Inside Texas Blog

This past Monday, the Longhorn's held their annual basketball banquet and LaMarcus Aldridge announced his intention to enter the NBA Draft. With no clear cut No. 1 overall prospect in this draft, primarily because of the new age minimum, Aldridge will be drafted very high and has a chance to be the first player selected in the 2006 Draft.

Most Longhorn fans are upset but understanding of his decision. Clearly when you have a chance to be drafted that high, who wouldn't leave? You can talk all you want about the value of an education, the college experience, winning a national title, etc. What it really comes down to is one thing: money.

Given the fact that Aldridge may get drafted higher this year than he will next based off of the relative weakness of this class, it seems like it would financially make sense to jump to the next level. Well, I'm here to tell you:

LaMarcus Aldridge will make less money in the NBA if he leaves now…even if he's drafted No. 1 overall. Even if he's drafted higher this year than next year.

You may be wondering why. How could he make less if he gets top pick money? It's because the big money in the NBA are not found in the rookie deals, it's that second contract.

Players who need time to develop, as is certainly the case with Aldridge, don't make elite level cash, even if they're drafted higher. Take for example Kwame Brown. Brown was drafted No. 1 overall by the Washington Wizards and made a lot of money right off the bat. However, after riding the bench for four years due to a lack of maturity and development, Brown is now playing for the Lakers with a 3-year, $25 million deal.

Respectable, but let's compare that to Jason Richardson's 6-year, $70 million deal with the Golden State Warriors. Richardson was in the same draft as Brown, taken four picks later and made less in that first contract, but J-Rich was also NBA ready. He'd led Michigan State to consecutive Final Four appearances and a national title. He had the leadership, aggressiveness, confidence and polished game necessary to make an immediate impact in the league. LaMarcus Aldridge does not.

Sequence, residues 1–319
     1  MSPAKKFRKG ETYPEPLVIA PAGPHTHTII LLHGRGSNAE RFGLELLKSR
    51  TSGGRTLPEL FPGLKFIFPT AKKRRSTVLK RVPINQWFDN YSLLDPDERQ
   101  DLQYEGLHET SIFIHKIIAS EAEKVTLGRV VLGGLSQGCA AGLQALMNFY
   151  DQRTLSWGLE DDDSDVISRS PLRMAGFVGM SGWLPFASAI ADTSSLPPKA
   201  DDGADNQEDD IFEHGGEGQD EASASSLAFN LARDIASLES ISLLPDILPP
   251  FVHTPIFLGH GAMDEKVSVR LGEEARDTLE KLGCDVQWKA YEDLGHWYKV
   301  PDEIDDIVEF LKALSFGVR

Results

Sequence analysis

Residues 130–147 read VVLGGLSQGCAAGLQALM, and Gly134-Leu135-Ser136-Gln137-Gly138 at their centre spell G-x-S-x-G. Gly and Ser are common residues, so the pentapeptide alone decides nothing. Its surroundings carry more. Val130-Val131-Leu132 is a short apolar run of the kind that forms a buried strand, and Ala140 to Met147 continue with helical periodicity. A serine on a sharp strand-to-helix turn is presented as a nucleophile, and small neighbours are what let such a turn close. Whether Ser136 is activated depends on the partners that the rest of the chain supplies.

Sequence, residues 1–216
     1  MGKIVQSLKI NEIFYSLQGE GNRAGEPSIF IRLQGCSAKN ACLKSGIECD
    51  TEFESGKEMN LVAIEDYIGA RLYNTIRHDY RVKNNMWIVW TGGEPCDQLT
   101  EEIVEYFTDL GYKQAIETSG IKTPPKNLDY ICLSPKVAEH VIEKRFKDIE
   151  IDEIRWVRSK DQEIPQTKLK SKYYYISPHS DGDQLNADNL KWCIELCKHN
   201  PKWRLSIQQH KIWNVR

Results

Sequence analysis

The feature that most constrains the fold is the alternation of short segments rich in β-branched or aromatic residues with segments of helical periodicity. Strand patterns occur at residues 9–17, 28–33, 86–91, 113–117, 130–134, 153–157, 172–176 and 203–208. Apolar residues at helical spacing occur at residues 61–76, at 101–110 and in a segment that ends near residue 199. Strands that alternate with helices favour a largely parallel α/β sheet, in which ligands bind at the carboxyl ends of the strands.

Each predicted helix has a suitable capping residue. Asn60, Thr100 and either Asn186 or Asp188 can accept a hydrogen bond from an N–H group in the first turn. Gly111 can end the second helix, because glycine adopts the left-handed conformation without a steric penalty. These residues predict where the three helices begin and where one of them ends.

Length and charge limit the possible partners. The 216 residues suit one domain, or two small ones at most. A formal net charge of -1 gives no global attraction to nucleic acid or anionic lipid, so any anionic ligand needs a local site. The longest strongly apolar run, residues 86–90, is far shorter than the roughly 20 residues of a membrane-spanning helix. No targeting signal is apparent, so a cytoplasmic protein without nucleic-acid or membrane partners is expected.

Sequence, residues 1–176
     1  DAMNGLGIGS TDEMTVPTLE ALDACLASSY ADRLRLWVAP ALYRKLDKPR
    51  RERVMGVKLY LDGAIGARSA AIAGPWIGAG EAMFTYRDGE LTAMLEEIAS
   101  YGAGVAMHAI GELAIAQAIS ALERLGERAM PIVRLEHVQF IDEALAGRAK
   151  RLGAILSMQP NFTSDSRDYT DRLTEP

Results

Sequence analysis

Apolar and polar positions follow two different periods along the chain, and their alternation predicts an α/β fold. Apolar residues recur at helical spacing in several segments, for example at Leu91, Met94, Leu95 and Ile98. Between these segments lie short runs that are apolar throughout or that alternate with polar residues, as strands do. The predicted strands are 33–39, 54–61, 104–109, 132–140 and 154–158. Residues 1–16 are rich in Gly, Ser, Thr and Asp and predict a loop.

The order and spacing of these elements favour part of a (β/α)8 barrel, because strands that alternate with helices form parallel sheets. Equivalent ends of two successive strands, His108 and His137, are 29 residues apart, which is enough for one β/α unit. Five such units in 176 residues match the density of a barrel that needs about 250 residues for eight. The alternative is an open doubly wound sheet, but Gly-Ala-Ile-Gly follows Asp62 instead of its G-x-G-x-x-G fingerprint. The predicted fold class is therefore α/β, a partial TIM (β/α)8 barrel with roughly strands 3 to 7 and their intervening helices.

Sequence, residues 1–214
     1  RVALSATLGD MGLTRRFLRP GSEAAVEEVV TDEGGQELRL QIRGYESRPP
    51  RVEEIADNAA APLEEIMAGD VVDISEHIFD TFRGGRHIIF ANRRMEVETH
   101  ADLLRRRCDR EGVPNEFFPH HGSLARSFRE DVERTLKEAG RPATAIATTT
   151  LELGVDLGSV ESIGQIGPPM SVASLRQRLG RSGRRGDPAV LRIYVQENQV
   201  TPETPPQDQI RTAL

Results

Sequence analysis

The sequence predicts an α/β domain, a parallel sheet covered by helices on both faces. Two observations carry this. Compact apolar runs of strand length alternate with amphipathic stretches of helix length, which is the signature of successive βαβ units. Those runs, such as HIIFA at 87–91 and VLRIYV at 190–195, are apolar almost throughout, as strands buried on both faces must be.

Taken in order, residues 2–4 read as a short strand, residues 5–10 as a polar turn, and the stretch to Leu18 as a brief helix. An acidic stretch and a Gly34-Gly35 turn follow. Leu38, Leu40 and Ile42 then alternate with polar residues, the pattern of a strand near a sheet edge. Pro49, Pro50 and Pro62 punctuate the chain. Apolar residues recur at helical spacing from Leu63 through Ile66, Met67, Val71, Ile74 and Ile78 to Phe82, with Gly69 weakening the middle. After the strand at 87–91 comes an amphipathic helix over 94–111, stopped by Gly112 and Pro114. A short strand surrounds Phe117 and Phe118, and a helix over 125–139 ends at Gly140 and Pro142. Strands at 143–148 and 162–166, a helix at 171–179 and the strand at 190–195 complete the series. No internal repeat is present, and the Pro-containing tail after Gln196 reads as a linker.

Let's look at a more recent 2003 draft. First pick LeBron James and second pick Darko Milicic signed similar deals with their respective teams (4-year, $18.8 million for James; 4-year, $16.8 million). Milicic after riding the pine because he wasn't ready will probably get a deal from the Orlando Magic similar to Kwame Brown's. James on the other hand, will likely sign the biggest deal in the history of the NBA when his contract goes up in 2007.

Aldridge has incredible upside. He's a big man with quick feet, good hands, an impressive wingspan and a soft touch on his fade-away jumper. It's apparent that his main flaw is a lack of aggressiveness on the offensive end and with a year or two of coaching and development can come to the NBA and be a beast immediately.

Is there an amount of risk involved in returning? Oh yes, definitely. But, with every investment there is risk and if LaMarcus Aldridge goes to the NBA and sits the bench, he'll miss out on the big money.

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